1. Tackling EU trade marks
It's over a year late, but it looks like the European
Commission’s proposals for reforming trade marks
in Europe are close to being finalised. They’ve
not been published, but Managing IP has seen drafts of the
changes to the
Trade Marks Directive,
CTM Regulation and
Fees Regulation. Will trade mark owners/applicants welcome
them? On the whole, probably: the Commission has tried to solve
some tricky issues that have emerged on the limits of the
legislation – the graphical representation requirement
and goods-in-transit for example. And to tackle the alleged
cluttering of the register the Commission wants to make it
cheaper to file in just one class rather than three. But with
CTM fees so low anyway, will that make a difference to
applicants’ behaviour? This will be the start of a
2. Arguing over
CLS v Alice could be the most important patent case
of this year: on Friday all the active judges of the Court of
Appeals for the Federal Circuit reheard arguments in the
dispute concerning patent eligibility of software. Dennis
Crouch on the PatentyO blog has a good summary of the oral
CLS Bank v. Alice Corp: Oral Arguments Lead to More
Questions) and you can also listen to the
proceedings on the Court’s own website.
Outgoing USPTO director David Kappos recently told Managing IP
software patents need addressing, a view that is echoed by
companies such as
Google. But with the
Myriad gene patent case pending at the US Supreme Court,
and in the light of recent reverses, will the Federal Circuit
dare to be bold?
3. Judges on TV
The Federal Circuit’s audio recording is great,
but the UK Supreme Court goes one better with its live video
stream, available on the Sky website.
Yesterday and today you can watch IP barristers Henry Carr QC
and Michael Silverleaf QC do battle over the reproduction of
newspaper headlines in the
Public Relations Consultants Association v NLA case
(often still referred to as Meltwater). Judgment in this
copyright dispute is expected in the next few months, but in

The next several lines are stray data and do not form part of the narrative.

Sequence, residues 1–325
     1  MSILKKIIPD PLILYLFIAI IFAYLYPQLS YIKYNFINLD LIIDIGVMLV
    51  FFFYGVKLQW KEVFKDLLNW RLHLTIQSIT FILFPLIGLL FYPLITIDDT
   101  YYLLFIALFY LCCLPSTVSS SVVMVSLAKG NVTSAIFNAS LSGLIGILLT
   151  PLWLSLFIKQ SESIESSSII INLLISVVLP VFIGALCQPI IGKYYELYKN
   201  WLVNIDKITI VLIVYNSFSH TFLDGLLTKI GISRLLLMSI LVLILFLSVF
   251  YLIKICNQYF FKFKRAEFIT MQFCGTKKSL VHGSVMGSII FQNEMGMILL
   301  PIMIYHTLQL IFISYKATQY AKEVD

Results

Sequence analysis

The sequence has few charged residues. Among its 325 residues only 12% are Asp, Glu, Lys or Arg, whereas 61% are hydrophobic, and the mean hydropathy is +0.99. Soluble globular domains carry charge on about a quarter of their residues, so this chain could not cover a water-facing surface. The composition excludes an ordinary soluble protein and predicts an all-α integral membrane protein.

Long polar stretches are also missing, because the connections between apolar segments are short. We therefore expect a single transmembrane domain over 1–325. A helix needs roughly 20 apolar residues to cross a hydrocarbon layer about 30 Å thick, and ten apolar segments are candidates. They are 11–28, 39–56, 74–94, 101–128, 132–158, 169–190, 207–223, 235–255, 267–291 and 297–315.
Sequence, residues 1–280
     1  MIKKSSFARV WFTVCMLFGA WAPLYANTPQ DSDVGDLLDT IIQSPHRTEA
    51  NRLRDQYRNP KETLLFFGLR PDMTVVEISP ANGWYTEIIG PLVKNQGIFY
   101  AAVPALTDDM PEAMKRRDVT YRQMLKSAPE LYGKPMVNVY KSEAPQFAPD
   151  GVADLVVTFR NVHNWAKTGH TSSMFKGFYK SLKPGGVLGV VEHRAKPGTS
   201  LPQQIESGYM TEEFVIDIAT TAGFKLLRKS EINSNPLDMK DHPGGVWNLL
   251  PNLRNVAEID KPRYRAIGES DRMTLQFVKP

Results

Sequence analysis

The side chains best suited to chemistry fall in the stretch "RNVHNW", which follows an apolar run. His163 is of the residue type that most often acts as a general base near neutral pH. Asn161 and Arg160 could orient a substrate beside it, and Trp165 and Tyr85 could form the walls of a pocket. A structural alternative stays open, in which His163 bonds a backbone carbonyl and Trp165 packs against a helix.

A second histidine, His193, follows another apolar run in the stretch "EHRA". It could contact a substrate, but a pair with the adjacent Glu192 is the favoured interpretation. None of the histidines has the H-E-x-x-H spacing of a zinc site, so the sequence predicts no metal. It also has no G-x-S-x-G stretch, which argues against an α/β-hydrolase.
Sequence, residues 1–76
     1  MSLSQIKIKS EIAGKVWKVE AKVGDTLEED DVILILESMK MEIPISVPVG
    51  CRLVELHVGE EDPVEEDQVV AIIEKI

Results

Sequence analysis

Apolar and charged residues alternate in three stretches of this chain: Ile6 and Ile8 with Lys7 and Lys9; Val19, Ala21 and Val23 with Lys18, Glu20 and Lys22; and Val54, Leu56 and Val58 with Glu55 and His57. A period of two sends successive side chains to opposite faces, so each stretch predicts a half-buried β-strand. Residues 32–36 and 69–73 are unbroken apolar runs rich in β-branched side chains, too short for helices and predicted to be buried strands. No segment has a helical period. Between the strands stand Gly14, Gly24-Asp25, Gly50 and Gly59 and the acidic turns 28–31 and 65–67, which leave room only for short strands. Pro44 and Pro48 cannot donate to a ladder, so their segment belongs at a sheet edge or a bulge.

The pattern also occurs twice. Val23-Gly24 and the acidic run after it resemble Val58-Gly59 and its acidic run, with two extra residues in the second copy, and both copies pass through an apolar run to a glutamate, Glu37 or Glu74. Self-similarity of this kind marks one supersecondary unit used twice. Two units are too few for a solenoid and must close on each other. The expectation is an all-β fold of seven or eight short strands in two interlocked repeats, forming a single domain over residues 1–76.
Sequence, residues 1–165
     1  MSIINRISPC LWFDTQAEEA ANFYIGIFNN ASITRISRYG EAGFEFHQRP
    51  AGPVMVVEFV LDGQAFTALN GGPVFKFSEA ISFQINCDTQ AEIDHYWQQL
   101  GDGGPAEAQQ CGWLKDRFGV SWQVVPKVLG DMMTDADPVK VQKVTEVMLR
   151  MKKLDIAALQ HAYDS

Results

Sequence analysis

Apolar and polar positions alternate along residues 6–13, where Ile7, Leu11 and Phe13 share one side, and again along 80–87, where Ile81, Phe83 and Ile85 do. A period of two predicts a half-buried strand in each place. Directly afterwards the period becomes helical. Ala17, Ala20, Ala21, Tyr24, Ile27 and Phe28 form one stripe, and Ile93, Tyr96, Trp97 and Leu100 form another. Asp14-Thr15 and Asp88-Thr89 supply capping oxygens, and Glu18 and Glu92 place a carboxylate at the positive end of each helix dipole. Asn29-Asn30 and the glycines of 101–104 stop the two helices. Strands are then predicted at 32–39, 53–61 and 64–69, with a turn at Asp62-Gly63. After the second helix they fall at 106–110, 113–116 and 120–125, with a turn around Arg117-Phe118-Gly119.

the meantime the to-and-fro between barristers and the five
judges is pretty entertaining (though traditionalists will be
disappointed that the Supreme Court has done away with wigs and
Infographic of the day
Thanks to Melbourne IT DBS for news of
another record-breaking year for UDRP cases at WIPO,
complete with illustration featuring among other things a
dancing mutt in a bikini. The UDRP has been good for brand
owners (complainants won 88% of cases before WIPO last year)
though with the number of cases increasing every year it can
hardly be said to have deterred cybersquatters. With the first
new gTLDs just months away from launching, that is a worry.
News that Icann is close to solving the dilemma of how to
create a cheap, quick alternative for slam-dunk cases (URS in
the jargon) is promising.
5. Hello Kim!
It was just over a year
Kim Dotcom first came to public attention, with a raid on
his New Zealand mansion that launched a hundred lawsuits.
Sadly, as the legal battles progressed, Kim went quiet
– before emerging at the end of last year with
a new file-sharing service to succeed the shut-down
Megaupload. He’s also back on twitter, with messages
such as: "After we win our case I am going to buy an Olympic
size swimming pool... filled with the tears of copyright
extremists." If Kim ever tires of the copyright piracy
business, you can’t help thinking he would be
perfectly cast as the next Bond villain.
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